Huck. Responding to the Reading 1. Jacobs was a real person. In her autobiography. Harriet Jacobs was born into slavery. Unlike Jim. 3. What ultimately happens to Jacobs’s children? How does it make her feel? Why? Copyright © by The McGraw-Hill Companies.Name Date Class from Incidents in the Life of a Slave Girl Harriet Jacobs Before You Read Focus Question What dangers did enslaved people face in order to escape slavery? Background Like Jim. and Harriet Jacobs could have a conversation about relations between African Americans and whites during the time they lived. published in 1861. Work together to write a dialogue. 26 The Adventures of Huckleberry Finn Study Guide . Making Connections How does this reading help you understand the character of Jim? Literature Groups Imagine that Jim. she gives an account of her experiences as a slave and of her journey to freedom. Inc. and share it with other groups. What are your first impressions of Jacobs’s account? Why do you think you responded this way? 2.

Copyright © by The McGraw-Hill Companies. The Adventures of Huckleberry Finn Study Guide 27 . Making Connections Donovan and Twain write about the “natural hazards” of boat travel on the river. This reading looks at life on the Mississippi River. . Think of a busy place you know well. and write a paragraph describing the place in detail. Donovan writes. do you think you would have liked to work on a riverboat? Explain. Inc. . Creative Writing Donovan and Twain recorded many observations about river life. 2. From Donovan’s description.Name Date Class Before the Fire Canoe Before You Read Focus Question What makes a good description? Frank Donovan Background Donovan’s historical nonfiction describes the boats and the people who worked on America’s rivers. What does Donovan mean? What does he think of the rivermen? 3. Responding to the Reading 1. being magnanimous” in his description of the rivermen. “Samuel Clemens [Mark Twain] was . Use their suggestions to revise your description. Ask other students how well they are able to form a mental image of the place you have described. Compare and contrast their writing styles—including point of view and word choice.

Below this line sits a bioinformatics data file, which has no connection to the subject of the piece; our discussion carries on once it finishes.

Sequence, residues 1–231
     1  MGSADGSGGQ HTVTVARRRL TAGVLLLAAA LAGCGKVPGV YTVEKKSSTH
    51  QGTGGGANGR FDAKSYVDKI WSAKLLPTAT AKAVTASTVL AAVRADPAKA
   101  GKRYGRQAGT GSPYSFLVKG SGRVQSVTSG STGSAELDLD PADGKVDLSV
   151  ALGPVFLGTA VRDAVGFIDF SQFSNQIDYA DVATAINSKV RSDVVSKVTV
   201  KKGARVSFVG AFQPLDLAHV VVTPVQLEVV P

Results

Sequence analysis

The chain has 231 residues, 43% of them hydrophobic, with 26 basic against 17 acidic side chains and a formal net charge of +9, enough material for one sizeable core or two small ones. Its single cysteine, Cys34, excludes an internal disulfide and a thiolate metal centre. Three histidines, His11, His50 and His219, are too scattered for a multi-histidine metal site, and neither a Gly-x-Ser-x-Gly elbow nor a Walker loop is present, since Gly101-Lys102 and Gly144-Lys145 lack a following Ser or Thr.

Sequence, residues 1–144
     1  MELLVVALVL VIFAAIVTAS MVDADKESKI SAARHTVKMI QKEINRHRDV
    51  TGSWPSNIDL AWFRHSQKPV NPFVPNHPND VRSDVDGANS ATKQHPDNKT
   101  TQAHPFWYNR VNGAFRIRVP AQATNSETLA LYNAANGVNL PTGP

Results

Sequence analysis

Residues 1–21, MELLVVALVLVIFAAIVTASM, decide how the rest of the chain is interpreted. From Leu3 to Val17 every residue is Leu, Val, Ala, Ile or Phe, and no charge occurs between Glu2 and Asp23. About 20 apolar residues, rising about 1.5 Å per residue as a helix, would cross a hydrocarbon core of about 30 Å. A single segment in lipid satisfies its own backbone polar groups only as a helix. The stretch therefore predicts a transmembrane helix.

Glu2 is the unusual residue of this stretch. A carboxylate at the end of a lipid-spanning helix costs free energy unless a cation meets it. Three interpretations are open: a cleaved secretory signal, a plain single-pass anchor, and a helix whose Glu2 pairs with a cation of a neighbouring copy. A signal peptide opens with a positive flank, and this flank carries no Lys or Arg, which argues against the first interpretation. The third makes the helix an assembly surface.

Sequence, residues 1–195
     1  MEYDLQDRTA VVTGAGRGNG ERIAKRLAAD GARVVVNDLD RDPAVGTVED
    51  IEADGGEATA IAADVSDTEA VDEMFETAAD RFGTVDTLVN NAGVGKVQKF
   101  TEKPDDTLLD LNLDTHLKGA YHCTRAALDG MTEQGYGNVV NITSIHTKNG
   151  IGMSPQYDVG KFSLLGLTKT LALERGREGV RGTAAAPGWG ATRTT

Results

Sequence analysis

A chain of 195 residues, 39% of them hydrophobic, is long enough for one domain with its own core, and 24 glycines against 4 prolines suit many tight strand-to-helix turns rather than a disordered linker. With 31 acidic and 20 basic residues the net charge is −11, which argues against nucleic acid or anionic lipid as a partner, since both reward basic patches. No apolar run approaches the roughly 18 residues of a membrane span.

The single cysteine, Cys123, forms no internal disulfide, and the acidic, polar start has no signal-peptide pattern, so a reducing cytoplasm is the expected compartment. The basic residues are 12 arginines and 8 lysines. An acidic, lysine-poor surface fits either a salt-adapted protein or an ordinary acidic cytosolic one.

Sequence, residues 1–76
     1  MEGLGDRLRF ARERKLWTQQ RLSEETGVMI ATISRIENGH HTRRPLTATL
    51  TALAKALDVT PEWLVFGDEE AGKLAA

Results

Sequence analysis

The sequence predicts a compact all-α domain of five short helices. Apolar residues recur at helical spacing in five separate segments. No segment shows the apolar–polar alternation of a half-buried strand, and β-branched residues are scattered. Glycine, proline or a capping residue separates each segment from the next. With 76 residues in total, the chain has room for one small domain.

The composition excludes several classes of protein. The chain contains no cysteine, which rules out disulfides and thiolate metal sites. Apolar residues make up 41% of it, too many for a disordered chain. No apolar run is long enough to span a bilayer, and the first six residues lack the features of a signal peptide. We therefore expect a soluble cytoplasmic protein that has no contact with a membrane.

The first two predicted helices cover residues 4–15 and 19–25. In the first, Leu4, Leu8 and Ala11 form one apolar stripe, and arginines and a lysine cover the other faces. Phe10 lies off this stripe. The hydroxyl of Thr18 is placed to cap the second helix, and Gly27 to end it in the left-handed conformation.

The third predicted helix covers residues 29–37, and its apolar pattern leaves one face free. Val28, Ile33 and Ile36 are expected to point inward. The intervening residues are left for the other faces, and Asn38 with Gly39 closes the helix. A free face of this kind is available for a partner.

“His maxims were full of animosity toward boys. he was a keen observer of society and used wit and sarcasm to ridicule human weaknesses. 28 The Adventures of Huckleberry Finn Study Guide . Responding to the Reading 1. Creative Writing Write a paragraph that uses humor to criticize some aspect of high school life that you would like to see changed. and How I Got Out of It Mark Twain Before You Read Focus Question When is using humor a good way to convey a message? Background Mark Twain was a master of satire. Making Connections What is the “lie of silent assertion” that Twain refers to in “My First Lie. As you will see in the following two essays. In “The Late Benjamin Franklin” Twain writes. 2.Name Date Class The Late Benjamin Franklin and My First Lie. and How I Got Out of It”? When does Huck tell this type of lie? From the novel. Copyright © by The McGraw-Hill Companies. give an example. Give three or four examples of people or things Twain satirizes in these essays. Inc.” What does he mean by this statement? 3.

Inc. The Adventures of Huckleberry Finn Study Guide 29 .Name Date Class from Stride Toward Freedom Before You Read Focus Question In your opinion. “Why have you and your associates come in to destroy [our] long tradition [of peaceful race relations]?” Do you find King’s reply to be persuasive? Explain. in his own words. Making Connections If the character of Jim were able to see into the future. is it ever right to break a rule? Explain. 3. discuss the techniques Dr. do you think he would have approved of Martin Luther King Jr. Background Martin Luther King Jr. Did he succeed in persuading you? Explain why or why not. and his actions? Explain. Martin Luther King Jr. Here. he recounts his observations of Montgomery’s African American community and his own struggle to find methods to deal with injustice. Literature Groups In your group. 2. King uses to persuade readers to see Rosa Park’s situation as he sees it. Responding to the Reading 1. received more than forty awards for his work in the civil rights movement. What was King’s ethical dilemma regarding the bus boycott? How did he resolve the dilemma? Copyright © by The McGraw-Hill Companies. How did King answer the Montgomery man who asked.